Tuesday, 21 February 2012

Identikits and Imagination: How Do You Imagine Emma Bovary and Mr. Rochester?

The Atlantic has an interesting feature about using Identikits, those visual aids used by police to figure out who might have done it, to draw portraits of characters from fiction.

Mr. Rochester from Jane Eyre and Emma Bovary from Madame Bovary are two, who come out looking like nothing I ever imagined. But then it's rare that a film version shows a character as I imagine either. Certainly Mr. Rochester played by Toby Stephens is much better looking than the description: "I knew my traveller with his broad and jetty eyebrows; his square forehead, made squarer by the horizontal sweep of his black hair.

I recognised his decisive nose, more remarkable for character than beauty; his full nostrils, denoting, I thought, choler; his grim mouth, chin, and jaw–yes, all three were very grim, and no mistake. "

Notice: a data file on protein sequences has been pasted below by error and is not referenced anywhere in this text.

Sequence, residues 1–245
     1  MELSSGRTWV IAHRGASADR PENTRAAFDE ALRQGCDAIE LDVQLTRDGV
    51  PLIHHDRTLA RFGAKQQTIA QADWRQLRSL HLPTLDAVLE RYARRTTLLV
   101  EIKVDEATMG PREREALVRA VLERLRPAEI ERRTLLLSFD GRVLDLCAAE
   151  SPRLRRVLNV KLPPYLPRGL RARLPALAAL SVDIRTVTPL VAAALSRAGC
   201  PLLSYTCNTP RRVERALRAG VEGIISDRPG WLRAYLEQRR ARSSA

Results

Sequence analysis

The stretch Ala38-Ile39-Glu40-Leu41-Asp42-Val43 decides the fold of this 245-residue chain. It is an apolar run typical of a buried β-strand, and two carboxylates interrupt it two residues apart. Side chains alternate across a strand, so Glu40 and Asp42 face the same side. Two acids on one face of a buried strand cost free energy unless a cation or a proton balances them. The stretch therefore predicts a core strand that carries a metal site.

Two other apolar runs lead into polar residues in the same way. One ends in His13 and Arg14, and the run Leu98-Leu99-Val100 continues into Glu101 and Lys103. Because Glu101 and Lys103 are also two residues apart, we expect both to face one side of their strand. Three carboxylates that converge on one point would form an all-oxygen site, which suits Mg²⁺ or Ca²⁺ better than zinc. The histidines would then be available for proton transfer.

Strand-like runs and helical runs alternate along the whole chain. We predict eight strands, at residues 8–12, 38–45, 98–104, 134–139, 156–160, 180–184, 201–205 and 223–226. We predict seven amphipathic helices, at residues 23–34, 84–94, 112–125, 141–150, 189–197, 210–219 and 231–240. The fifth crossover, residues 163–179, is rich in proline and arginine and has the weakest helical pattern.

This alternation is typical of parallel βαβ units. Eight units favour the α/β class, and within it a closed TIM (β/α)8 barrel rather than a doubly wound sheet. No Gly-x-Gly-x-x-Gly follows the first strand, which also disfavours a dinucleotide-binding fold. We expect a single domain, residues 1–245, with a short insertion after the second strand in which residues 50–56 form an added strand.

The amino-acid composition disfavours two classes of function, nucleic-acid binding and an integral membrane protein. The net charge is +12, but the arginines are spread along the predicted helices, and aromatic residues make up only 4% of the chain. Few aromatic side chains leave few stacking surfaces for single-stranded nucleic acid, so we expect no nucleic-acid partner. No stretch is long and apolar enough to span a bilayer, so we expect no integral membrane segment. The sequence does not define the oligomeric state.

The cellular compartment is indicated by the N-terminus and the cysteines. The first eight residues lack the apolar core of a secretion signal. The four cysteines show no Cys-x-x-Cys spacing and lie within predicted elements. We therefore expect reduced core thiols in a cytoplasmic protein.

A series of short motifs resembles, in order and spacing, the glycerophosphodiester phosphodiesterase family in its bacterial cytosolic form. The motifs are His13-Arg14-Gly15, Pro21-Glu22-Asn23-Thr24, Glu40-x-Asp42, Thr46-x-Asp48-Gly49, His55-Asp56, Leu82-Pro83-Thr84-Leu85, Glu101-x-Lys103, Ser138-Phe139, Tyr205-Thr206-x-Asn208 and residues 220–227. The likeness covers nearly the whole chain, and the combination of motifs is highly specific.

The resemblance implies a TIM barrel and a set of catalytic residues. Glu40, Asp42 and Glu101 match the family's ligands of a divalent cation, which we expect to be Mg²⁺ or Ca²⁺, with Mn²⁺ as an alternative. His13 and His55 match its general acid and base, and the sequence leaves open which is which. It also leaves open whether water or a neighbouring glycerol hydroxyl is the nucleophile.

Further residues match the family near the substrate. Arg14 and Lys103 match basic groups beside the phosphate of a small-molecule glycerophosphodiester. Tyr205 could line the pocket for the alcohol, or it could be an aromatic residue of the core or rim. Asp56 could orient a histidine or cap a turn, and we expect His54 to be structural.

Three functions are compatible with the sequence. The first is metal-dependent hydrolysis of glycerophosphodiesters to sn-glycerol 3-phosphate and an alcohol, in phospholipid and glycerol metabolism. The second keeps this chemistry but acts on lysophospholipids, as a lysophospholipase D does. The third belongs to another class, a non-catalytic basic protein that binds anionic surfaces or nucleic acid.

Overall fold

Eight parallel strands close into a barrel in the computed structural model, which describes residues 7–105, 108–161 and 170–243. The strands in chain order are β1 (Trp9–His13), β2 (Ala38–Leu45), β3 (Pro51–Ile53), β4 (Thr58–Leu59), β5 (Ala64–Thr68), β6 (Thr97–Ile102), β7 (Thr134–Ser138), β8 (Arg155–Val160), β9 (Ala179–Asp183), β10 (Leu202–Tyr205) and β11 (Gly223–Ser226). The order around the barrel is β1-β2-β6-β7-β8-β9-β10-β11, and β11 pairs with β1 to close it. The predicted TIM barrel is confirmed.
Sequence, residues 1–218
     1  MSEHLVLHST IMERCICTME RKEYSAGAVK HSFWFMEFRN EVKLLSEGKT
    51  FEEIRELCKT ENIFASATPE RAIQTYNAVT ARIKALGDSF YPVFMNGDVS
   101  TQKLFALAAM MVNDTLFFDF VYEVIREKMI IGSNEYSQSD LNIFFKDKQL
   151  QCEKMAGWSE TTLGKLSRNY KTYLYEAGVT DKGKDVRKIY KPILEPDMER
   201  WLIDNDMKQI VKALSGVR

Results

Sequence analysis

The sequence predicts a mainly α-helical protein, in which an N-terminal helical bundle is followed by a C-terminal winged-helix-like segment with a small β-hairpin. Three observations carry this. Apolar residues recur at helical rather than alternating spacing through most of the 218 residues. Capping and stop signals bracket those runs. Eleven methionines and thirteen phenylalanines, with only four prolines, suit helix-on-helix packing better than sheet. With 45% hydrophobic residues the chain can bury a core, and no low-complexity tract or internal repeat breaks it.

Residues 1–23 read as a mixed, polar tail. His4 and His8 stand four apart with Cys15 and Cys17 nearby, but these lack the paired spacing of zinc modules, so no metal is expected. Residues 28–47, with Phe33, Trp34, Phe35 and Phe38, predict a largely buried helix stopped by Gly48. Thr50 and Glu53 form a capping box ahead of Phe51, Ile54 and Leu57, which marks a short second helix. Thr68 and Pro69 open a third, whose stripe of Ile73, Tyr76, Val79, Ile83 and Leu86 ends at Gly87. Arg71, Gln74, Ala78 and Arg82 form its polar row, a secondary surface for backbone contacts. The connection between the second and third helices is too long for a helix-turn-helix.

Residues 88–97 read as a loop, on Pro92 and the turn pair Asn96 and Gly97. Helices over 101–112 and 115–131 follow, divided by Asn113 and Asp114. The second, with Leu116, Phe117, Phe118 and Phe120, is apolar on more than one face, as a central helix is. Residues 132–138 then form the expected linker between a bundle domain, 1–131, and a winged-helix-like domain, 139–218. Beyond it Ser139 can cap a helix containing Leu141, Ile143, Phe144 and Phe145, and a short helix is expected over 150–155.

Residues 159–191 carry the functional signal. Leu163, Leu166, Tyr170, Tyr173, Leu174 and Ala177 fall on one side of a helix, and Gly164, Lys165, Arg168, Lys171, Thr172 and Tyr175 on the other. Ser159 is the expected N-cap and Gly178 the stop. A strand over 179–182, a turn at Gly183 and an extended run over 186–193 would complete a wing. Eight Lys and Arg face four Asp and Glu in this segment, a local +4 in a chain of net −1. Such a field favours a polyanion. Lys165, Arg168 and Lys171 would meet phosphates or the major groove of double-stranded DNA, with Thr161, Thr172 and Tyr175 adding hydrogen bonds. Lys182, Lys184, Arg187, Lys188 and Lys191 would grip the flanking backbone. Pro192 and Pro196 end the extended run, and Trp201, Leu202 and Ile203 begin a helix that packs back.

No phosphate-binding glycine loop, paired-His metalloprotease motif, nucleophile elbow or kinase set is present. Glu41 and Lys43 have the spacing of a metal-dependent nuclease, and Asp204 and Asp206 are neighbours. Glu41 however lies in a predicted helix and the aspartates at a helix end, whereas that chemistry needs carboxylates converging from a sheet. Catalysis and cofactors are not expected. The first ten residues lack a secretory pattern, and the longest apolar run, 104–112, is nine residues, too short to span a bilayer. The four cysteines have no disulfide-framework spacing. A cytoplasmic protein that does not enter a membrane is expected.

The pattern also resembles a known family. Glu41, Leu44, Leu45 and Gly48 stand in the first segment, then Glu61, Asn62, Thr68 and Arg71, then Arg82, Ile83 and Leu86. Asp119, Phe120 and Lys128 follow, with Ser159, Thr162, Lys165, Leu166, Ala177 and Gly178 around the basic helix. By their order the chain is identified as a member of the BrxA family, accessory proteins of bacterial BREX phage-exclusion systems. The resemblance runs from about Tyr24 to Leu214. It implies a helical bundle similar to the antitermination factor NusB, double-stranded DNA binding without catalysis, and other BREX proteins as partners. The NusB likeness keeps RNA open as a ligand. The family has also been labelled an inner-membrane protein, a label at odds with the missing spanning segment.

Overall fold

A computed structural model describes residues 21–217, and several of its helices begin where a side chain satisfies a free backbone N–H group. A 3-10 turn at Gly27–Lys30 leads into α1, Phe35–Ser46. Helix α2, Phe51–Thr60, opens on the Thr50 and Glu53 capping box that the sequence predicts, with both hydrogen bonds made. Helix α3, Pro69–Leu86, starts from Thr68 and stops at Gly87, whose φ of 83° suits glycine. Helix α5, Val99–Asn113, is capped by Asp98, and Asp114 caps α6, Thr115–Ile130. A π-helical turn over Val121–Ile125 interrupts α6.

(See here for more.)

Only Isabelle Huppert playing Emma looks both like the description and the police portrait: "She was pale all over, white as a sheet; the skin of her nose was drawn at the nostrils, her eyes looked at you vaguely. After discovering three grey hairs on her temples, she talked much of her old age…Her eyelids seemed chiseled expressly for her long amorous looks in which the pupil disappeared, while a strong inspiration expanded her delicate nostrils and raised the fleshy corner of her lips, shaded in the light by a little black down.

As for me, I've always thought Emma looked like something from a Renoir painting--maybe pale but a lot more voluptuous than Huppert. And Rochester: well, I see a dour someone from a Victorian photograph.

But that of course is part of the pleasure of reading: you fill in the gaps, you're there in a way that you can't be in a movie. Whatever you imagine is going to be a lot more alive than an Identikit portrait, too.

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